The Lairig Ghru is perhaps one of the best known mountain passes in all of Scotland, carving a deep channel through the very heart of the Cairngorms. Historically used as a drovers road connecting Aviemore with Braemar, it is now the territory of hikers and long-distance runners. A race actually runs the full marathon distance each summer, with the course record being under 3 hours – incredible when you think the route rises 650m and crosses through boulderfields.

Our suggested walk takes you a little way into the Lairig Ghru from Coylumbridge, before an ascent of the majestic peak of Braeriach unveils spectacular views across the landscape.

A good path from the start leads through Caledonian pinewoods and up to the Chlamain gap – a narrow neck of boulders which must be scampered over to gain entrance to the Lairig Ghru. From here, you can choose to simply journey back for a shorter day, or carry on up the sides of the valley to take in the lofty heights of Braeriach. The views back from this ascent are staggering – gaze across to the Lurcher’s Crag and marvel at the 90 different climbing routes which riddle the rock. From Braeriach itself, a sweeping panorama opens up over the Lairig Ghru below, and the craggy corrie of Angel’s Peak to the south cradles a high-level lochan in its stony basin.

After drinking in the Braeriach panorama, continue on to Einich Cairn, descend Coire Dhondail and follow the excellent track out through picturesque Gleann Einich back to Coylumbridge. A real challenge, this excellent mountain circuit should be saved for a good weather day, where it guarantees rewarding views to compensate your energy expenditure!


12 miles / 19 km
7 hours
900m / 2950 ft height gain

Immortalised in verse and song, ‘Dark Lochnagar’ is a hillwalk fit for a queen! Indeed, Queen Victoria herself ascended the mountain in 1849, describing it in a letter as “one of the wildest, grandest things imaginable”. Lochnagar sits within the royal estate of Balmoral in the southern Cairngorms and can be easily reached from Ballater and Braemar. An imposing fortress of rocky peaks, Lochnagar’s fine cliffs curl around its eponymous lochan. It is the highest point for miles around and affords spectacular views over Royal Deeside.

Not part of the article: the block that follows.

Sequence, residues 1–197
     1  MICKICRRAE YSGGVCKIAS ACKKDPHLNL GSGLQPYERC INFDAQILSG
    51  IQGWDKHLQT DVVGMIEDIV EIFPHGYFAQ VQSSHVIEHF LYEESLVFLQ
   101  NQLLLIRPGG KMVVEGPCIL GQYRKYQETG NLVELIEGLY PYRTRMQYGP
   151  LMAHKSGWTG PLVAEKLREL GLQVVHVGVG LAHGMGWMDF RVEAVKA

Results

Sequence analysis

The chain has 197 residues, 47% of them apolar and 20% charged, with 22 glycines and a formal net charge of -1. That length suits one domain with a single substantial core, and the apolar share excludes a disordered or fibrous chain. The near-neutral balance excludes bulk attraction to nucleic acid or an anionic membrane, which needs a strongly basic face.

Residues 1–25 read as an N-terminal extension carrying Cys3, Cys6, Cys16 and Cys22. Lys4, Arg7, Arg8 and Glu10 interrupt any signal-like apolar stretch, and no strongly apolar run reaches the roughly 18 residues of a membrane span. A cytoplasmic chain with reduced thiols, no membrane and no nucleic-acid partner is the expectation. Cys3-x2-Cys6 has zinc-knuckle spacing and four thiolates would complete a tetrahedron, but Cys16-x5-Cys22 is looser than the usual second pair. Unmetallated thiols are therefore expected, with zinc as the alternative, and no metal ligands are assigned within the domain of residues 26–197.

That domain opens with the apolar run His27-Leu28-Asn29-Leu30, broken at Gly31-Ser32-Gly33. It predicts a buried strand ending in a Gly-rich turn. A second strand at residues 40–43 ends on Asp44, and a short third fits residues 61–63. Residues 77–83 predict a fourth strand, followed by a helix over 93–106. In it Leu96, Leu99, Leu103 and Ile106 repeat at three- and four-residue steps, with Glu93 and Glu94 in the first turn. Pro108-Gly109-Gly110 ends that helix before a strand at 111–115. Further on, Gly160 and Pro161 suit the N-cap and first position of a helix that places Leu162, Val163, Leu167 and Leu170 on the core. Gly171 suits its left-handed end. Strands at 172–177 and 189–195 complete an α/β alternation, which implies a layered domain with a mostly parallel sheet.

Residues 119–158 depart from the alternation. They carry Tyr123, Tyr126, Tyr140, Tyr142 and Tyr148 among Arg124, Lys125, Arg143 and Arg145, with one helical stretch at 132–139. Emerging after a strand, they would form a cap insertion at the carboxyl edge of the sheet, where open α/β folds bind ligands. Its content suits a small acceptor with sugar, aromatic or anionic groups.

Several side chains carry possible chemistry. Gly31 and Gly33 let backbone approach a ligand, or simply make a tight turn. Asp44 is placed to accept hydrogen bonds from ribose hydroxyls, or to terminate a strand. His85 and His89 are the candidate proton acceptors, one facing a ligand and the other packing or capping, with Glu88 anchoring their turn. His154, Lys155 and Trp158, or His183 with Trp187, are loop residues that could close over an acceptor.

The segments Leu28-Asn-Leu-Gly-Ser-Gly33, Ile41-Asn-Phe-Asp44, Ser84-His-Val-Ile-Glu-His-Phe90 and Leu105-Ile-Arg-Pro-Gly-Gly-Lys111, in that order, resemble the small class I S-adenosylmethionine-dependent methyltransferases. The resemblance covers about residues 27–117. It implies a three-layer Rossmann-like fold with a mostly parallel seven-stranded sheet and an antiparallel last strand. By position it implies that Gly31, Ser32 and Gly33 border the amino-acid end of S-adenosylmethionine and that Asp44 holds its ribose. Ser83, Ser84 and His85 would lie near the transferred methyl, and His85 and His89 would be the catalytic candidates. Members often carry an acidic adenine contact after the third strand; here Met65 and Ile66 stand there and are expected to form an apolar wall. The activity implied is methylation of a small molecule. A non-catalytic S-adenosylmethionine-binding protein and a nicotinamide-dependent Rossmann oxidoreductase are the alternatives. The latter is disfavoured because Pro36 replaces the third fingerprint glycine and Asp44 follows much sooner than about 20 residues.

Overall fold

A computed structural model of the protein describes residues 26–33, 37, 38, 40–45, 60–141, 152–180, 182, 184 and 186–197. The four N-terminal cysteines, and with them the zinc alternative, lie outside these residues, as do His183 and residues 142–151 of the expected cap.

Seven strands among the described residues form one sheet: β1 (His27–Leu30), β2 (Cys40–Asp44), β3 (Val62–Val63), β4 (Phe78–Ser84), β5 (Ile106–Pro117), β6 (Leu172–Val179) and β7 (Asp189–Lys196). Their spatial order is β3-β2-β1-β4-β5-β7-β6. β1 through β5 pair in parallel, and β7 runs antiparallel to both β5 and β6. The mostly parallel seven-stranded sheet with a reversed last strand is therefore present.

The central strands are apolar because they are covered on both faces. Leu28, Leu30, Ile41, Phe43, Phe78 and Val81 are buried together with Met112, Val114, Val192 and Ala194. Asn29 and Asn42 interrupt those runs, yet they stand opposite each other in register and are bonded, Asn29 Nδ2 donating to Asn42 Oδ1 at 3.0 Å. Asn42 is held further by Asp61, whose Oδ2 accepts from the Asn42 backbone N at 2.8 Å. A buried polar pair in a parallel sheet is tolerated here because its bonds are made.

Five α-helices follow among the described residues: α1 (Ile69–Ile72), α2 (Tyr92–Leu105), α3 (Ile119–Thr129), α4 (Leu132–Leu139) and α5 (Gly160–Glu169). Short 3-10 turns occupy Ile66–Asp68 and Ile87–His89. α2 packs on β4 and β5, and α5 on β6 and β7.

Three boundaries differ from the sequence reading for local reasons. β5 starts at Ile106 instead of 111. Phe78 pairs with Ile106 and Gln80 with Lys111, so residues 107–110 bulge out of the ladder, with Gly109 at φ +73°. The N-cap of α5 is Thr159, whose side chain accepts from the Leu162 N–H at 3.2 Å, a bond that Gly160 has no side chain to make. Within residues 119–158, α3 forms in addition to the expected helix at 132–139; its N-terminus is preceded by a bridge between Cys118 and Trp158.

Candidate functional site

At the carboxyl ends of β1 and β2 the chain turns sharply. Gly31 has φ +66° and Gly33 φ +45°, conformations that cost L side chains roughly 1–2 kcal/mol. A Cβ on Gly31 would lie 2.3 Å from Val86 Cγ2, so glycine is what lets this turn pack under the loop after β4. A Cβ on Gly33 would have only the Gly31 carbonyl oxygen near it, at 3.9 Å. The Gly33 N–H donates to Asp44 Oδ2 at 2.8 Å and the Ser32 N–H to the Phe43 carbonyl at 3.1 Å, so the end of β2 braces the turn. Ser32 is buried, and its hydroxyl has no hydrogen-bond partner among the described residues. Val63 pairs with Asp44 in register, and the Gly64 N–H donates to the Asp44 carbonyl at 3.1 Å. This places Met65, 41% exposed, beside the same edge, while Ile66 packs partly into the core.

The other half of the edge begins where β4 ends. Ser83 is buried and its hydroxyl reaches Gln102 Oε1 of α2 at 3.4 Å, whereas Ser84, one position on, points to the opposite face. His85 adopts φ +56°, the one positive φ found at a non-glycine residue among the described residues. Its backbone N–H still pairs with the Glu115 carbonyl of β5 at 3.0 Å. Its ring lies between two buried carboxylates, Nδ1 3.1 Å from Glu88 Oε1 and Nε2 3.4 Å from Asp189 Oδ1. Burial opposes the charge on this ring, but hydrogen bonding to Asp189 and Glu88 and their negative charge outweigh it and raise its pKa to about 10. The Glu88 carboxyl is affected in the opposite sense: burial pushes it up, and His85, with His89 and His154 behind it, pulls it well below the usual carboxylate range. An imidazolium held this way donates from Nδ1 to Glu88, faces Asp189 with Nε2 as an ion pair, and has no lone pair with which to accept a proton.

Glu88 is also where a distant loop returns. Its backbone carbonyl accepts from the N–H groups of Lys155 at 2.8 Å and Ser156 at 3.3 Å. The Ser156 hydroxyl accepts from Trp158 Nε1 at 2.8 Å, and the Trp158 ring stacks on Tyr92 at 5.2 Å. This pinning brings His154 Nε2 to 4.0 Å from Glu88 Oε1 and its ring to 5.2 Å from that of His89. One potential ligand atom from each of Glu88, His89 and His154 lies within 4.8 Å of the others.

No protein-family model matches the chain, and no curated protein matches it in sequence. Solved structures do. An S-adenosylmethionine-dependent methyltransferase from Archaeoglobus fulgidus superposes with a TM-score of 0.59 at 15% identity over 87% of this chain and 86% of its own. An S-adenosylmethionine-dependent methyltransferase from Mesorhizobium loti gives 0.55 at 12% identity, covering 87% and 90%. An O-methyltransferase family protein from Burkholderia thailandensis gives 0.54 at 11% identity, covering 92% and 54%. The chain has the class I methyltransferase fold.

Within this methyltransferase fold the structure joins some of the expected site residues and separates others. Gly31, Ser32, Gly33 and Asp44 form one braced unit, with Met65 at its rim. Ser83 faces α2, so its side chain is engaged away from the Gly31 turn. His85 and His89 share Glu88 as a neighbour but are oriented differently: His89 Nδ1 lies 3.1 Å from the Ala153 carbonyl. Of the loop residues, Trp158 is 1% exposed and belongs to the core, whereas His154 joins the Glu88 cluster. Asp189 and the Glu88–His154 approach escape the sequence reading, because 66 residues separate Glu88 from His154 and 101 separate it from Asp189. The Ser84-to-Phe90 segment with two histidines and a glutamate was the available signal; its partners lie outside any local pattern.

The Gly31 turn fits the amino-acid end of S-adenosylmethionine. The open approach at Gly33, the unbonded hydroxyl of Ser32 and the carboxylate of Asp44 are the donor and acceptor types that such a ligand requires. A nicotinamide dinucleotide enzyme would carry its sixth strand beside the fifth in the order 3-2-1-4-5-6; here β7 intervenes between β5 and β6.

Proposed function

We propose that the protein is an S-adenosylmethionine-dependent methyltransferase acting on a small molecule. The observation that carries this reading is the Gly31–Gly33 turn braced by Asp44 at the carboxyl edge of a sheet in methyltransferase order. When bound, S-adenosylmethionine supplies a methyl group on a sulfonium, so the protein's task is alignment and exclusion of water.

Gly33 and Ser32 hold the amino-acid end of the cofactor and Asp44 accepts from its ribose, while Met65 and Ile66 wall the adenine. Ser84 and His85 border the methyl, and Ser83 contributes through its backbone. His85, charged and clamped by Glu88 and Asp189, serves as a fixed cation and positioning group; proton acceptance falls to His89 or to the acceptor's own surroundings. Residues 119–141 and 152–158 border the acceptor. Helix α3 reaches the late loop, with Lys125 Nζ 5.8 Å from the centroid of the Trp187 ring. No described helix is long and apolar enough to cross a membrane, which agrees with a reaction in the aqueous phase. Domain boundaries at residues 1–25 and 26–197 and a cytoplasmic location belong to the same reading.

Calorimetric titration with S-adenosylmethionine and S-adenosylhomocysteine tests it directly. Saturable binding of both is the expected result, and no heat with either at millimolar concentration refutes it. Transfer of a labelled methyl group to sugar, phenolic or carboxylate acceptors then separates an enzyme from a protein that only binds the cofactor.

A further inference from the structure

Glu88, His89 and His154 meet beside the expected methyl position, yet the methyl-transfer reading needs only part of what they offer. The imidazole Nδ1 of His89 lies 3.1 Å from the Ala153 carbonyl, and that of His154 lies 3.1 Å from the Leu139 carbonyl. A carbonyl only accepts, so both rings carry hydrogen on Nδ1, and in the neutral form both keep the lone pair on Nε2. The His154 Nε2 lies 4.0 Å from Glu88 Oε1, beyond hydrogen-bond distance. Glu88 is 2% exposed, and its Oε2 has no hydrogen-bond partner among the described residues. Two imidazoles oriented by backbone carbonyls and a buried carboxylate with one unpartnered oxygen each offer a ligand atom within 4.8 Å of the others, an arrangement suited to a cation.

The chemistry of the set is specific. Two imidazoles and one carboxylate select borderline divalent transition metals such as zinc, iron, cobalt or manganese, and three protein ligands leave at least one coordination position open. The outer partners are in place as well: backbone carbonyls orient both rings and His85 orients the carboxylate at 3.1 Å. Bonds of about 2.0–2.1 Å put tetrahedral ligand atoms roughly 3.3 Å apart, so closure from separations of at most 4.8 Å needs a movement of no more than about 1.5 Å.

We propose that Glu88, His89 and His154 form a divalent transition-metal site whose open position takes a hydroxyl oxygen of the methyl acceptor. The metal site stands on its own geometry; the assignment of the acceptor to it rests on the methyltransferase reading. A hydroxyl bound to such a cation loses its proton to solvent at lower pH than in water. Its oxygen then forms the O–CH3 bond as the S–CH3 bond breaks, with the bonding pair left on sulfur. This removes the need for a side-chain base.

The classic route from Glen Muick will take you over heather-clad moors, clambering across the hillside and skirting the airy cliffs around the summit plateau. Peer down tentatively into the plunging gullies, and venture out to Meikle Pap for breathtaking views.

The return route takes you by a cascading waterfall and along the sandy shores of Loch Muick. Why not follow in the footsteps of royalty and attempt this characterful Cairngorms walk on your holiday?

England thy beauties are tame and domestic
To one who has roved o’er the mountains afar
Oh for the crags that are wild and majestic
The steep frowning glories of the dark Loch na Garr

– Lord Byron, Lachin y Gair, 1807


Discover the Cairngorms National Park

These are just our picks of some of the highlights of The Cairngorms National Park. No matter what you choose to do though, there is something for everyone here and you’ll never run out of options. The vast landscape hums with adventure – a beautiful wilderness beckoning to be explored.

If you’re inspired to explore the Cairngorms for yourself, Absolute Escapes offer award-winning self-guided holidays in Scotland. All of our packages are completely flexible, so if we can help you plan an unforgettable trip to Scotland, please do not hesitate to send us an enquiry.

Back to top